DR. SEWARD'S PHONOGRAPH DIARY
SPOKEN BY VAN HELSING
This to Jonathan Harker.
You are to stay with your dear Madam Mina. We shall go to make our search, if I
can call it so, for it is not search but knowing, and we seek confirmation only. But
do you stay and take care of her today. This is your best and most holiest office.
This day nothing can find him here.
Let me tell you that so you will know what we four know already, for I have tell
them. He, our enemy, have gone away. He have gone back to his Castle in
Transylvania. I know it so well, as if a great hand of fire wrote it on the wall. He
have prepare for this in some way, and that last earth box was ready to ship
somewheres. For this he took the money. For this he hurry at the last, lest we
catch him before the sun go down. It was his last hope, save that he might hide
in the tomb that he think poor Miss Lucy, being as he thought like him, keep open
to him. But there was not of time. When that fail he make straight for his last
resource, his last earth-work I might say did I wish double entente. He is clever,
oh so clever! He know that his game here was finish. And so he decide he go
back home. He find ship going by the route he came, and he go in it.
We go off now to find what ship, and whither bound. When we have discover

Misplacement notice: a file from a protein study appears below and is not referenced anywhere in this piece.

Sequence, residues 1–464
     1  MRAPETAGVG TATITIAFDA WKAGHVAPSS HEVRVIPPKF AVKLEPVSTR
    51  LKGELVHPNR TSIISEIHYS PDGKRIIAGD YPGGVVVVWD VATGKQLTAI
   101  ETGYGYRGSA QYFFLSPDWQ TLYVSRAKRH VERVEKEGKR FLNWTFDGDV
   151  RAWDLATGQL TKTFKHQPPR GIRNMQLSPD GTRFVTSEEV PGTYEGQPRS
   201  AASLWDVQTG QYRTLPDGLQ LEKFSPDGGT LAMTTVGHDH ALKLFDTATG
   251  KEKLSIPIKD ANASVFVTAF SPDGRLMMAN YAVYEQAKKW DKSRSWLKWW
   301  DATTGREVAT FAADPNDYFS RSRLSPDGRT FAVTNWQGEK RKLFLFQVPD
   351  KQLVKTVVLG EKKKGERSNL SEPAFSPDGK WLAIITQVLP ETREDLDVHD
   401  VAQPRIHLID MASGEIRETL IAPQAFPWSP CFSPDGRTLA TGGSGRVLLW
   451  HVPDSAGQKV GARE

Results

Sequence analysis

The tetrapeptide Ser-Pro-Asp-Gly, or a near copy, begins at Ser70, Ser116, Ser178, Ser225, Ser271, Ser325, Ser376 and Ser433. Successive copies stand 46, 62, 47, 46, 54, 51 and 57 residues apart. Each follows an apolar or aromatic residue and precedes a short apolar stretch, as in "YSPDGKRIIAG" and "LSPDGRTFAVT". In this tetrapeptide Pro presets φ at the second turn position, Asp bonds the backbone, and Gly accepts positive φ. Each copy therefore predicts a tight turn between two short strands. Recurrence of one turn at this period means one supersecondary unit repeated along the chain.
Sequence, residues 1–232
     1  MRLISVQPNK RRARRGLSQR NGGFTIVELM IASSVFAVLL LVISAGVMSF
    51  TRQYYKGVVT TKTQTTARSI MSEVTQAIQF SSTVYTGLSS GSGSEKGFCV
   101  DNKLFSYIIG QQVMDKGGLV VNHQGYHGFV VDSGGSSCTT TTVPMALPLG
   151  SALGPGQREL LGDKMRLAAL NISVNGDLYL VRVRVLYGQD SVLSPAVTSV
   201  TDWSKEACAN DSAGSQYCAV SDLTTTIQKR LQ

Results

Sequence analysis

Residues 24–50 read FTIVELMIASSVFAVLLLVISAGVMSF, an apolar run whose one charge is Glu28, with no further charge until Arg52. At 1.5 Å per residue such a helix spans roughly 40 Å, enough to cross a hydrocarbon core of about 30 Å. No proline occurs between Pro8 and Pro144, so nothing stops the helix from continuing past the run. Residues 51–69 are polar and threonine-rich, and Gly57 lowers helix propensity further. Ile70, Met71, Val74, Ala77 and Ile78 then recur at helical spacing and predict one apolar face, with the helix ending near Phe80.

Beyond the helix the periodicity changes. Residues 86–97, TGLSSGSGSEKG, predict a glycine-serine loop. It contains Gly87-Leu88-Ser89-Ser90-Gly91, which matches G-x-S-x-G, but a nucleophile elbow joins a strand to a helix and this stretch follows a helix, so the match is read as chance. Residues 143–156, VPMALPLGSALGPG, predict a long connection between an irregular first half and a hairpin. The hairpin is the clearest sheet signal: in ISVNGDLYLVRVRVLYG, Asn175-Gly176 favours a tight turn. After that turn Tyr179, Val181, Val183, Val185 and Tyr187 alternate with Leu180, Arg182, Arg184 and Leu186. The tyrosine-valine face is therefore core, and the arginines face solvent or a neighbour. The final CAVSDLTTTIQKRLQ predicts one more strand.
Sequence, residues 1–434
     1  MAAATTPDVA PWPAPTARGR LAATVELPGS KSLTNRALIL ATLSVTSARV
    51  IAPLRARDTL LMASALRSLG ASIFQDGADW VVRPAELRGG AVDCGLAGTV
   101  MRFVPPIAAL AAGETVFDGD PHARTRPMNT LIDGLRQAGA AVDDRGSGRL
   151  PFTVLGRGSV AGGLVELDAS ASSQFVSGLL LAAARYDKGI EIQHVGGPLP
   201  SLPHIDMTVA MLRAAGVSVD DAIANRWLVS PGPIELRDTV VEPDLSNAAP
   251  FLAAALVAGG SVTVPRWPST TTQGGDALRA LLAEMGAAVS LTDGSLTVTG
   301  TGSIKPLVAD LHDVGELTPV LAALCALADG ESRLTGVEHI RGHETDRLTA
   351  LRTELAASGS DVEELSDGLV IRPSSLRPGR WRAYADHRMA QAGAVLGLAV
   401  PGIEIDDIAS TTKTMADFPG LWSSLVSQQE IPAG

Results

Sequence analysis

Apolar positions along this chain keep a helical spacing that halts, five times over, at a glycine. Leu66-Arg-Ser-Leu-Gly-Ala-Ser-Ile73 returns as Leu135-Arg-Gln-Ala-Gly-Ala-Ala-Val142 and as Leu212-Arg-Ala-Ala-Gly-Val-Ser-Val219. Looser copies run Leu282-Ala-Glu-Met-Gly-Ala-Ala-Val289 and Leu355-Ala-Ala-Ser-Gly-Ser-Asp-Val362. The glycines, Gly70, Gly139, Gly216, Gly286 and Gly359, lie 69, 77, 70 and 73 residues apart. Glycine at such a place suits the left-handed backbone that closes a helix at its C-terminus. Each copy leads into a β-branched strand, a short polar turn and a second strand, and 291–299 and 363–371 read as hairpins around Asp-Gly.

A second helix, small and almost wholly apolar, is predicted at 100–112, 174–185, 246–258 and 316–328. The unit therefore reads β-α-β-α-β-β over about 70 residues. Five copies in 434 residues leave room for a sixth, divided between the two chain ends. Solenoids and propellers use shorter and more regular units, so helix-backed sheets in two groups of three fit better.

that, we come back and tell you all. Then we will comfort you and poor Madam
Mina with new hope. For it will be hope when you think it over, that all is not lost.
This very creature that we pursue, he take hundreds of years to get so far as
London. And yet in one day, when we know of the disposal of him we drive him
out. He is finite, though he is powerful to do much harm and suffers not as we do.
But we are strong, each in our purpose, and we are all more strong together.
Take heart afresh, dear husband of Madam Mina. This battle is but begun and in
the end we shall win. So sure as that God sits on high to watch over His children.
Therefore be of much comfort till we return.
JONATHAN HARKER'S JOURNAL
4 October.--When I read to Mina, Van Helsing's message in the phonograph, the
poor girl brightened up considerably. Already the certainty that the Count is out of
the country has given her comfort. And comfort is strength to her. For my own
part, now that his horrible danger is not face to face with us, it seems almost
impossible to believe in it. Even my own terrible experiences in Castle Dracula
seem like a long forgotten dream. Here in the crisp autumn air in the bright
Alas! How can I disbelieve! In the midst of my thought my eye fell on the red scar
on my poor darling's white forehead. Whilst that lasts, there can be no disbelief.
Mina and I fear to be idle, so we have been over all the diaries again and again.
Somehow, although the reality seem greater each time, the pain and the fear
seem less. There is something of a guiding purpose manifest throughout, which
is comforting. Mina says that perhaps we are the instruments of ultimate good. It